“This,” said Exeter Township Detective Sergeant Rocco DeCamillo as he pointed to a table filled with confiscated THC-laced gummies, brownies, cookies and treats, “was not manufactured to appeal to adults. It was manufactured to look like candy to appeal to kids.”
As part of the district’s professional development sessions with educators and staff last month, Detective Sergeant DeCamillo spent his day walking teachers, administrators and staff through the ever-complex and constantly-changing landscape of what drugs police are seeing being sold and being used in Exeter Township by adults and minors alike. “Things have drastically changed in the last 20 years. When the majority of us were in high school, marijuana was natural and looked like pot. Now, there’s so much synthetic stuff out there that’s chemically-produced with no regulation or oversight–and much of it’s been disguised to look like candy.”
Superintendent Dr. Christy Haller and Assistant Superintendent Mrs. Dawn Harris organized the session with Detective Sergeant DeCamillo and the district’s Student Services Coordinator, Mrs. Alycia Lenart, to bring a greater awareness to teachers of what’s out there, what it looks like, and how to engage students and their families with help for substance abuse. The sessions proved to be so popular with educators that Detective Sergeant DeCamillo and Mrs. Lenart decided to offer a similar session to parents and families so that they, too, could learn what police are seeing in the local community, and how to receive support through the district when families are faced with substance abuse. The parent and family session will be held on Thursday, January 12, 2023 at 7PM in Exeter Township Senior High School’s Large Group Instruction (LGI) room.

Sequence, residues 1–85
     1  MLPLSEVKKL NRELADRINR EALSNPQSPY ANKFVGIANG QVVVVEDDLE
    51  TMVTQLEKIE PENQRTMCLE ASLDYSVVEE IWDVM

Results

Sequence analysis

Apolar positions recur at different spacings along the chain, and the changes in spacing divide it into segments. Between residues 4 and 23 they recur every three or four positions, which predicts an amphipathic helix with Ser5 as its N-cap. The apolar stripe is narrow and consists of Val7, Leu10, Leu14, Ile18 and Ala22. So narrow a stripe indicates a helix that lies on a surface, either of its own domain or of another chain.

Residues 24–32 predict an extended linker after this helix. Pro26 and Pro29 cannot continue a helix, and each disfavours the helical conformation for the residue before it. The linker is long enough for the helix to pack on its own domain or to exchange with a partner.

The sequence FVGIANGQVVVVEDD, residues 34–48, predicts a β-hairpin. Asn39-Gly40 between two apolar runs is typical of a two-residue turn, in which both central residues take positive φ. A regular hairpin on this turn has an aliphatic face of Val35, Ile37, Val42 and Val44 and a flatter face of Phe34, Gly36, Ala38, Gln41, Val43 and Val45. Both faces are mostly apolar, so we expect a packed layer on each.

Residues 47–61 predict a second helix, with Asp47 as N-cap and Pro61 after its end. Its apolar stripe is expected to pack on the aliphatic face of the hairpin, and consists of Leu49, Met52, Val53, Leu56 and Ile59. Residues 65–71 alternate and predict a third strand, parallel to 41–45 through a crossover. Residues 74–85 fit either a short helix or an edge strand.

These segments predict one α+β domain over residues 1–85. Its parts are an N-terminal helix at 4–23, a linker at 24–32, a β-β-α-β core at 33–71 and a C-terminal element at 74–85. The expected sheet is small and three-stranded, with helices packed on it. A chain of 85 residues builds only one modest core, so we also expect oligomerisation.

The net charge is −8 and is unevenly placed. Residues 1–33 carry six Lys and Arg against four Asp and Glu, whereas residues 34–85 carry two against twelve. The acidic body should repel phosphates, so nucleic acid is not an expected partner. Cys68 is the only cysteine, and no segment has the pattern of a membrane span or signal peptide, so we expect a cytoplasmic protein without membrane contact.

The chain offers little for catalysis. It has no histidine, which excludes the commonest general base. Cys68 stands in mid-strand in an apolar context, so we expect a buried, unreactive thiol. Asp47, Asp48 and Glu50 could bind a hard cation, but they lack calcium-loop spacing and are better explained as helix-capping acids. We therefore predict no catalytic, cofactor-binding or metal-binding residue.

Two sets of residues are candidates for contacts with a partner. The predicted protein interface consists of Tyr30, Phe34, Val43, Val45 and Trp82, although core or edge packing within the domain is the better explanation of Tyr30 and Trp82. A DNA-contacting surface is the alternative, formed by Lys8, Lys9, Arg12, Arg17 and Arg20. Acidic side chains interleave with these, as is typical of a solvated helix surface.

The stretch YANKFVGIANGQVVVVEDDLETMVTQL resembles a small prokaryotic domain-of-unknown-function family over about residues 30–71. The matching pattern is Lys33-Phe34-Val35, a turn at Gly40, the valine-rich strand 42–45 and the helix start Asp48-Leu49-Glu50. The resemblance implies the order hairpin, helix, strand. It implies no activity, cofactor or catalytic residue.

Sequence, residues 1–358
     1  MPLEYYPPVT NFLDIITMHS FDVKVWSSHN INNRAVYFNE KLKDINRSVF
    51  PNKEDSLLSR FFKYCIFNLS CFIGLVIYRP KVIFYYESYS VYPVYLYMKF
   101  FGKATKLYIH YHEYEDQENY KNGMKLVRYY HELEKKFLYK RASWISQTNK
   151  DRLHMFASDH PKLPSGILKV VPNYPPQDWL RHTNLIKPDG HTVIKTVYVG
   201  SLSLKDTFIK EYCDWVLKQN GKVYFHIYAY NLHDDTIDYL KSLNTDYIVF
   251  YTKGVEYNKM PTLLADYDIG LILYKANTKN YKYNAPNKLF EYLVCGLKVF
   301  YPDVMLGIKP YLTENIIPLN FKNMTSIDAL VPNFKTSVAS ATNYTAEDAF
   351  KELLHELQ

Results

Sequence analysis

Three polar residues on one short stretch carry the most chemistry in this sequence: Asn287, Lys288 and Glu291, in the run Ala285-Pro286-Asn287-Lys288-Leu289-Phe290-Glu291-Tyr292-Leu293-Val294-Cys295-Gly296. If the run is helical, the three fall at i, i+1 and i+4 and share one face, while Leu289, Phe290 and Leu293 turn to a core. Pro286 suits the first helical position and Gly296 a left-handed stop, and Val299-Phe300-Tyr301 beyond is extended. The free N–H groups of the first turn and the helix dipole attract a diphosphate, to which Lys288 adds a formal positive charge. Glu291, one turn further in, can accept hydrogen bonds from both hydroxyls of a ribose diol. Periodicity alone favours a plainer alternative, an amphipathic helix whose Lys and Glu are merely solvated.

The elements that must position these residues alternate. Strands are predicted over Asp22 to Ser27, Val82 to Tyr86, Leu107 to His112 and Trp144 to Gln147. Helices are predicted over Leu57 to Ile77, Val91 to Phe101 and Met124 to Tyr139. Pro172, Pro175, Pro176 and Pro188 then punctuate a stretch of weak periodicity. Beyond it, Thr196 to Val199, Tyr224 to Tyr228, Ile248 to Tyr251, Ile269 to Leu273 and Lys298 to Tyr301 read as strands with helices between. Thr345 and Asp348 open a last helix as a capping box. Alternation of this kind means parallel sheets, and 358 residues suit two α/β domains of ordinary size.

During his presentation to teachers, Detective Sergeant DeCamillo said navigating the “new normal” of drug use and drug accessibility is not easy. Oftentimes, he said as he pointed to all of the items on the table, local retailers don’t even know what’s legal to sell and what isn’t since laws vary from state to state. “Most of this stuff is perfectly legal in New Jersey,” he said. Mrs. Lenart added, “I think there’s also a perception that since it’s legal in certain states, it must be perfectly safe, and it’s really not,” she said, as she ticked off statistics that indicate that 90% of ER admittance for marijuana or THC overdoses are from edibles. “It takes anywhere from 30 minutes to two hours for kids to feel the effect from an edible. Since most teens don’t have great patience, they think it’s not working, so they eat more, and more and more and then wind up in the hospital. That’s why it’s so important to bring awareness to this very scary issue.”